Influence of an Innovative Teaching Design on BSN Students' Self-Efficacy and Academic Performance

Tuesday, 31 October 2017: 9:20 AM

Laurie Singel, PhD, MSN
ILA FAYE MILLER School of Nursing & Health Professions, University of the Incarnate Word, San Antonio, TX, USA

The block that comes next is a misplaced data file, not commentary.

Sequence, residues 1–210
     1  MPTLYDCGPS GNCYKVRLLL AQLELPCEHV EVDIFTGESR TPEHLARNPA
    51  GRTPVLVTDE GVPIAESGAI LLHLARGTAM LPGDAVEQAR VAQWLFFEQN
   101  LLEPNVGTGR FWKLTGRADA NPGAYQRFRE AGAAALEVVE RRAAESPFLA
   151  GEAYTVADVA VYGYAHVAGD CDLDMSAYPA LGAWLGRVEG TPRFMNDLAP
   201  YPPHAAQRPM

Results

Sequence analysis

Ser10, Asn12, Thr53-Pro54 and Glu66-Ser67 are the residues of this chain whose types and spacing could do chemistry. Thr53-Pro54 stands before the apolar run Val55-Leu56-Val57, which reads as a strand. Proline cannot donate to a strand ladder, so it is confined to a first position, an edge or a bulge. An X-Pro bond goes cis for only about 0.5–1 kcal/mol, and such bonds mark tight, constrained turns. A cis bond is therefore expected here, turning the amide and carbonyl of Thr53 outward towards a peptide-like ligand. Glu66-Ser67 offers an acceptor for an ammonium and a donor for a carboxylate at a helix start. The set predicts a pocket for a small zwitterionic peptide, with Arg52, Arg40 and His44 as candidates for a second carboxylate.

Despite increasing enrollments in nursing schools across the United States, the number of BSN students who graduate on time is decreasing, as many struggle and fail in the upper division courses. Students forced to repeat nursing classes, or worse, fail out of the BSN program results in a significant loss of time and money and a delay to beginning their professional nursing careers. Decreased numbers of nursing graduates also impacts healthcare access for patients and communities, and strains resources already in place. Research has shown stress and anxiety as factors affecting academic performance; however, there is a significant gap in knowledge concerning students’ self-efficacy (SE) as a factor directly influencing students’ academic performance. The problem examined in this correlational study was the impact of collaborative learning in an innovative classroom setting on Bachelor of Science in Nursing (BSN) students’ SE and academic performance. Framed by Bandura’s theory of SE, the research questions examined the relationship between students’ SE scores at the beginning and end of the innovative course, and their end-of-course grade. The sample included 22 students from one upper-division nursing class (N = 22) in an undergraduate-level nursing program in southern United States. Data sources included disaggregated student grades and an anonymous, online survey. Analyses included Chi-square and Pearson’s r correlation of the data. Results indicated SE scores at the end of the course were higher than they were at the beginning of the course, which provided an initial understanding of the impact of the innovative learning environment on BSN students’ academic performance, but were not statistically significant and could not, therefore, disprove the null hypothesis. This study indicates that implementing innovative nursing course designs could increase student active learning, collaboration, self-efficacy, and more successful nursing graduates, which would result in more nurses, and a positive impact on healthcare both locally and nationally.